Relocated bears may be equipped with tracking collars

Two problem bears are avoiding traps

Posted: Sunday, July 27, 2003

Some problem bears in the Juneau area could provide an education for wildlife officials.

Neil Barten, area wildlife biologist for the state Department of Fish and Game, said his agency plans to put collars on a couple of local bears to broadcast their movements after they are moved away from town.

Barten said the GPS collars would show where the bears are going, where they sleep and where they spend most of their time.

"It's a lot of good information," he said.

Barten said he has been trying to trap two bears that have become a nuisance. One is in the Switzer Village Mobile Home Park. The other has been a problem at the Glacier View Trailer Park.

By Friday, neither trap, baited with the sort of things bears pick out of people's garbage, had been sprung, he said. The bears could be too smart, perhaps having experienced traps before, or there could be more trash that is easier to get to, he added.

It appears that just one bear is getting into trash in the Switzer area because it has been described with a consistent size and shape and with a distinctive brown muzzle. The Glacier View bear has been described as having an ear tag, which means it has been trapped before and released back into the wild.

Often, the bears the agency captures will be relocated away from the neighborhoods where they were causing problems, Barten said. With GPS collars, the agency can watch where the bears go from there. GPS - short for global positioning system - uses orbiting satellites to accurately pinpoint location.

"They often come back," Barten said of relocated bears.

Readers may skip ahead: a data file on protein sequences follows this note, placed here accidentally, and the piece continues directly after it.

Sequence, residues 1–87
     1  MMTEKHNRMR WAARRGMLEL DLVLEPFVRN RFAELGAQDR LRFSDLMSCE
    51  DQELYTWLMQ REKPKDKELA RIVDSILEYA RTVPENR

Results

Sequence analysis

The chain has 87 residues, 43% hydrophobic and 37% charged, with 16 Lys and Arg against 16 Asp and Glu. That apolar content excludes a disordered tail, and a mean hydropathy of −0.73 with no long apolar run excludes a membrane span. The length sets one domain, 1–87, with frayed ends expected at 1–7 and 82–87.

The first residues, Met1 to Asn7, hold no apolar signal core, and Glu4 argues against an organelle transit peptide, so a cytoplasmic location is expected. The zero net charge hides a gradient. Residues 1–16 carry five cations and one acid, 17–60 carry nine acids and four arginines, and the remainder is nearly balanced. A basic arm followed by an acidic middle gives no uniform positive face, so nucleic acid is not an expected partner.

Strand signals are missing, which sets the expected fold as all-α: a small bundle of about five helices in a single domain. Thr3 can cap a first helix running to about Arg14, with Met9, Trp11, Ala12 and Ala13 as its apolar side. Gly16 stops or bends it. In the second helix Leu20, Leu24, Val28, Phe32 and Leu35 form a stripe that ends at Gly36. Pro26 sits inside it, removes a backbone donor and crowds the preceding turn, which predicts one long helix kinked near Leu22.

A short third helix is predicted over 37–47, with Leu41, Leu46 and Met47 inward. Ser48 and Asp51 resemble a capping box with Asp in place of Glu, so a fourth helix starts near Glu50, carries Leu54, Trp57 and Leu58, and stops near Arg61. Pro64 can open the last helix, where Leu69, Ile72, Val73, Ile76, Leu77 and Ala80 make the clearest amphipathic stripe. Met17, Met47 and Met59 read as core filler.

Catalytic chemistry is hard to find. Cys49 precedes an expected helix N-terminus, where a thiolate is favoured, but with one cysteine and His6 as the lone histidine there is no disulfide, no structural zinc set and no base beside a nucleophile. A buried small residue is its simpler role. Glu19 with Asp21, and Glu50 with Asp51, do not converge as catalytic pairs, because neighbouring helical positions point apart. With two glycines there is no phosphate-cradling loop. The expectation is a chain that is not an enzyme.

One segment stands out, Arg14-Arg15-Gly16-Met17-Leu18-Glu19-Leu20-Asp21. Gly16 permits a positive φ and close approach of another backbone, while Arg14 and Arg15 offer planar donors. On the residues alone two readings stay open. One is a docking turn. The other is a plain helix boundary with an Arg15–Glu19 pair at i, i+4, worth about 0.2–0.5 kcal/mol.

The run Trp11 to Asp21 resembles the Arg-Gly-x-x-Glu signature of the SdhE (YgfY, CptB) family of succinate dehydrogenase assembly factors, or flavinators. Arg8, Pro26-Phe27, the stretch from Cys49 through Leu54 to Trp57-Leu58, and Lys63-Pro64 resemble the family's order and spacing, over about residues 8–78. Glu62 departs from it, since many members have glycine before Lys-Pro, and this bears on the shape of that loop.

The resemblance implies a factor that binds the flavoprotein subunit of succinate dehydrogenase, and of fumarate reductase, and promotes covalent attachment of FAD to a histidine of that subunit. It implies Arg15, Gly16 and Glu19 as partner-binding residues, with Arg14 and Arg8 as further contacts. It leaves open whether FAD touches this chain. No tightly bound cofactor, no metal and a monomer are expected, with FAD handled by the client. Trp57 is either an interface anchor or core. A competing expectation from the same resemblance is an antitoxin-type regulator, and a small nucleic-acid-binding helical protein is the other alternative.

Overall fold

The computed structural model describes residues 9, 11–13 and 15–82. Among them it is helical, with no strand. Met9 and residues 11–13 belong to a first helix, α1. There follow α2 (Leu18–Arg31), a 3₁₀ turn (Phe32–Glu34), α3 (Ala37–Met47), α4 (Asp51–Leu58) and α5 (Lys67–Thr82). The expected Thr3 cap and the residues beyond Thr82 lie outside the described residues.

The tagged bears that come back after being moved have to be killed, he said, describing it as "very unfortunate." He said it is a public safety concern, and the department doesn't have the time and resources to keep relocating the same bears that have developed a taste for people's garbage.

Garbage - with remnants of things like ketchup, chicken skins, old pork chops and other fatty foods - offers flavors that a bear can't find by foraging for berries and fish, Barten said. And garbage can be easier.

This year, only one bear has had to be killed in Juneau for creating a nuisance. A Juneau police officer killed a glacier bear July 16 at Thunder Mountain Trailer Park, where it had been in the trash and even tore into a locked storage shed.

The real problem is not with the bears, Barten said.

"Trash is the ultimate concern," he said. "It's most important that people store their trash properly."

Attracting bears can attract other problems. In recent weeks, Juneau police have received a few reports of kids chasing bears that come into their neighborhood.

"In spite of our best efforts, kids tend to do that," Barten said.

There are programs in the schools that teach children to leave bears alone, and when Barten talks to parents about bear sightings - maybe five or six times a day - he tells them it is up to them to teach their kids to leave bears alone, he added.

Tony Carroll can be reached at

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